If you have trouble figuring who has which particular gifting, engage people. Ask questions.
Ask them about their passions. What do they love most about working where they do? Doing what they do? If they could do anything what would it be? What was their favorite job? What is their dream job? Why?
These questions will lead you in the direction of their 5Q.
Once you are dialed into the personalities around you, here are some ways to approach 5Q on the job:
- Make sure to include all five personalities in critical conversations.
- Ask questions like, “What would Mike say about this? Or what would Sally add if she were here?”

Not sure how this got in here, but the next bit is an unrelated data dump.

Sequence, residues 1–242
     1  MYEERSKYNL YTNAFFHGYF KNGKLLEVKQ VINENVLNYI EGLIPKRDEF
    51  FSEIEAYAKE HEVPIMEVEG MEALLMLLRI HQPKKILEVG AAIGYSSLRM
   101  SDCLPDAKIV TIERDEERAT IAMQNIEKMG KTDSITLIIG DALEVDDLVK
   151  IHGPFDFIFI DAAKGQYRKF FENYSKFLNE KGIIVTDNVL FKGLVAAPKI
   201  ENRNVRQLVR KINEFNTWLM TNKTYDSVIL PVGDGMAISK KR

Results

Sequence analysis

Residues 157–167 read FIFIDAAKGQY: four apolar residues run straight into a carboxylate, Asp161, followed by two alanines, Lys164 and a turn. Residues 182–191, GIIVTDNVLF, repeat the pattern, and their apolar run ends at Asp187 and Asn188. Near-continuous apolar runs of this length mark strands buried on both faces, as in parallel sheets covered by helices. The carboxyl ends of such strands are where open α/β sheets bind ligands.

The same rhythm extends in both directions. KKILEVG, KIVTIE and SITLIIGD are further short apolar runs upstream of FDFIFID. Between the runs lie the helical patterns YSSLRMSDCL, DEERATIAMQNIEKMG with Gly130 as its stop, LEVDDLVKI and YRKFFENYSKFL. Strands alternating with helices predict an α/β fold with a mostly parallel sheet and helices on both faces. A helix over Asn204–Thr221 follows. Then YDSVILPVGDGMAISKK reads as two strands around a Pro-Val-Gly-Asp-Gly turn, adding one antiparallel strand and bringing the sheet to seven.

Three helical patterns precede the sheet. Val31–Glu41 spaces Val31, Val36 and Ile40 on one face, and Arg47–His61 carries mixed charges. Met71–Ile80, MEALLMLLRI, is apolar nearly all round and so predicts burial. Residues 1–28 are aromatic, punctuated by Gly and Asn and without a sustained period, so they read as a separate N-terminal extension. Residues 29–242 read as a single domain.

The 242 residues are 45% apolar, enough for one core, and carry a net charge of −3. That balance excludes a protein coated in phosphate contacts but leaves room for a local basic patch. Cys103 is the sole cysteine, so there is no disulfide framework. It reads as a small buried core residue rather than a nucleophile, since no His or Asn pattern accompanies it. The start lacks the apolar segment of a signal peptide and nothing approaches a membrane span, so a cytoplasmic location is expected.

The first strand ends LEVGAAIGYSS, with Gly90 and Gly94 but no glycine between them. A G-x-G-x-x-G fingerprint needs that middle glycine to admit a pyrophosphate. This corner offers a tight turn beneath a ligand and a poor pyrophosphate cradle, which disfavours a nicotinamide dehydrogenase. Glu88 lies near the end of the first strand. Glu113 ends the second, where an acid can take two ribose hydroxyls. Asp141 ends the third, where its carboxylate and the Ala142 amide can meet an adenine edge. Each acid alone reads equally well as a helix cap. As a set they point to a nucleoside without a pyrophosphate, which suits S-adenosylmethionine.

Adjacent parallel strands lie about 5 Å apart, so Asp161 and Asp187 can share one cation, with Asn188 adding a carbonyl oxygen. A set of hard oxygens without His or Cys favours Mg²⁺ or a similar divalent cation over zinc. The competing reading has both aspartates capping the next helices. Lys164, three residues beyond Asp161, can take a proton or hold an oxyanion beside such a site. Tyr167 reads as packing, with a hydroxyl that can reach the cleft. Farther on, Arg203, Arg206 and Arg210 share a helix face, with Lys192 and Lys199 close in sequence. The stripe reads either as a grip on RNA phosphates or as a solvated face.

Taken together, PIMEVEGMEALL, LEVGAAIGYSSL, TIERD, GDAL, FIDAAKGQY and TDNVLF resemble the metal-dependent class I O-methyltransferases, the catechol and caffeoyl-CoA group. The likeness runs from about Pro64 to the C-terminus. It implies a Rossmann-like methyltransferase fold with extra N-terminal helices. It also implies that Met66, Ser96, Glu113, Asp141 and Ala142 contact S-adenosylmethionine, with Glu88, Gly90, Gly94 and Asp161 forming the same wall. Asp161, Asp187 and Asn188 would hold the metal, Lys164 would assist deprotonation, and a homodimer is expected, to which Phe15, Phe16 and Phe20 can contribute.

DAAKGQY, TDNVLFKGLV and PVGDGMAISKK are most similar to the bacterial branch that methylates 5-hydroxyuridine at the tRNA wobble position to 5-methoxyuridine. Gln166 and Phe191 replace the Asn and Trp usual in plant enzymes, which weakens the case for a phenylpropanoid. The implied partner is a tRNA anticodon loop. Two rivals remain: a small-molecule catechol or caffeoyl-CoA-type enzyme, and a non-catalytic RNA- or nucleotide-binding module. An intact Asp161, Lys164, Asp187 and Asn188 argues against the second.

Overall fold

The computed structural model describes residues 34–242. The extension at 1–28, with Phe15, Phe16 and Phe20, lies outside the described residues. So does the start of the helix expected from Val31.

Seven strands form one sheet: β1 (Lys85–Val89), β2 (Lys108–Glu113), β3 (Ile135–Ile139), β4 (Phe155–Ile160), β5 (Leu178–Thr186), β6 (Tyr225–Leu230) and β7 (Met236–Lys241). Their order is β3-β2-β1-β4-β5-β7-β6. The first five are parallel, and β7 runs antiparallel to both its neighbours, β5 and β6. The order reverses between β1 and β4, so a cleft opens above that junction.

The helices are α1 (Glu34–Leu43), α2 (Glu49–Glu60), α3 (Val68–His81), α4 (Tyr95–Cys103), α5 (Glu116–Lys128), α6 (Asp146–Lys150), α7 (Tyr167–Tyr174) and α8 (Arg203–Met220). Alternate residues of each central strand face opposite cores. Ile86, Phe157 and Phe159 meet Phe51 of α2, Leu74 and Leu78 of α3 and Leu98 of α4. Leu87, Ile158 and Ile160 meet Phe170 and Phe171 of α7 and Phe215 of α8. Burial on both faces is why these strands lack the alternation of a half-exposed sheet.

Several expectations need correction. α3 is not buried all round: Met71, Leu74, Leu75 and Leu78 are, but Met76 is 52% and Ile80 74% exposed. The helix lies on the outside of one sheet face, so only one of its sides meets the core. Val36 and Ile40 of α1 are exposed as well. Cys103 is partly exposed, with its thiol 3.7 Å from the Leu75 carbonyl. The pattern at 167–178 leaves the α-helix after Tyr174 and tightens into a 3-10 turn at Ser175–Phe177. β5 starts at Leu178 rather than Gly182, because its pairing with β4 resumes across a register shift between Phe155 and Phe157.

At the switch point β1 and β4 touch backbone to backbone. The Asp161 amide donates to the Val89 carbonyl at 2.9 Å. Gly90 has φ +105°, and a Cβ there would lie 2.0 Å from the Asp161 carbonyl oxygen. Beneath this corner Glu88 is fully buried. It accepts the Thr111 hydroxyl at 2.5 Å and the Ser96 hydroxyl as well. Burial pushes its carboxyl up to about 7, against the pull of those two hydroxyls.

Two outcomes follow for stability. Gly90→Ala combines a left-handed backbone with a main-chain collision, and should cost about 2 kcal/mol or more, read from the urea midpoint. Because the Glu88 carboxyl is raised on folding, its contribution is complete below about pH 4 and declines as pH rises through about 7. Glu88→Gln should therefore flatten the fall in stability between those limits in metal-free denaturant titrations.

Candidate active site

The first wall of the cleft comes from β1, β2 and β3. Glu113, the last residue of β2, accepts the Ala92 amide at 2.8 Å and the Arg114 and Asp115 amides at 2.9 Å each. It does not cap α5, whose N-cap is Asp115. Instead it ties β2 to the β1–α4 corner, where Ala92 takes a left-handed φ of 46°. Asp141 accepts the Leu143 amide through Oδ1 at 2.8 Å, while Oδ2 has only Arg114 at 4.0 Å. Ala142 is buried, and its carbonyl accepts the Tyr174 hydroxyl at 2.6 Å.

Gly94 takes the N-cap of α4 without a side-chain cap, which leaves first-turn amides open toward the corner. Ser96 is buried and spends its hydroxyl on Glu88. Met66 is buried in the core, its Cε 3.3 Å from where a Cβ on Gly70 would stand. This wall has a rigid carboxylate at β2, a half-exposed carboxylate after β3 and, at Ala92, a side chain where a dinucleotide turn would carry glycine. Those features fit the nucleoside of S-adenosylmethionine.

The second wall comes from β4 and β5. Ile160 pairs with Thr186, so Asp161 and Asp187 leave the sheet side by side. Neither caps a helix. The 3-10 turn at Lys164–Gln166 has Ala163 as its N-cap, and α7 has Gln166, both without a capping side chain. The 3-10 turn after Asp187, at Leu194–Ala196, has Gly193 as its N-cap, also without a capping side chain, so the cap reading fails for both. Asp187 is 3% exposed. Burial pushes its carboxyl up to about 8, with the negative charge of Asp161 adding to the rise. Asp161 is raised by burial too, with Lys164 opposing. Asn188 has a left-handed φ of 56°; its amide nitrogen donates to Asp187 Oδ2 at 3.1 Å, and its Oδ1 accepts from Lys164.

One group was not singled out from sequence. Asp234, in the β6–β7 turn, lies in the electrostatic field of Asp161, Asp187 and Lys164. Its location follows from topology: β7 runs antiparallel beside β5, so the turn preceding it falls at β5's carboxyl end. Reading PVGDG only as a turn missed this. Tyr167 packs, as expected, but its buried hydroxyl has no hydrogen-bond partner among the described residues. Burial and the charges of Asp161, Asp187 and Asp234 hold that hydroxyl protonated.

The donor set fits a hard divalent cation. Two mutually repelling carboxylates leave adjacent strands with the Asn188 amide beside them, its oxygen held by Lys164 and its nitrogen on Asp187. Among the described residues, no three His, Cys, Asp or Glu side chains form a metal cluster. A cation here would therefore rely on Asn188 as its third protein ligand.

- How can you bring 5Q voices into discussion where they aren’t usually?
- If you can’t move people around, include different 5Q functions in your thinking:
- “How would a Mentor approach working with Stan?”
- “Do we need the help of a Healer/Relator in this tense situation?”
- “How could a Storyteller improve the focus of my front office?”
- “What would change if an Intercessor spoke truth in this moment?”
- “Do we need an Innovator to help us see a way forward that we are missing?”
We would love to hear other ways that you are applying 5Q to you work, neighborhood, non-church staff environments. Please leave us a comment below and start a conversation!
†If you have a copy of the book, you can refer to Tables 7.1 and 7.2 and really dig in. If you don’t have the book, you can order it here.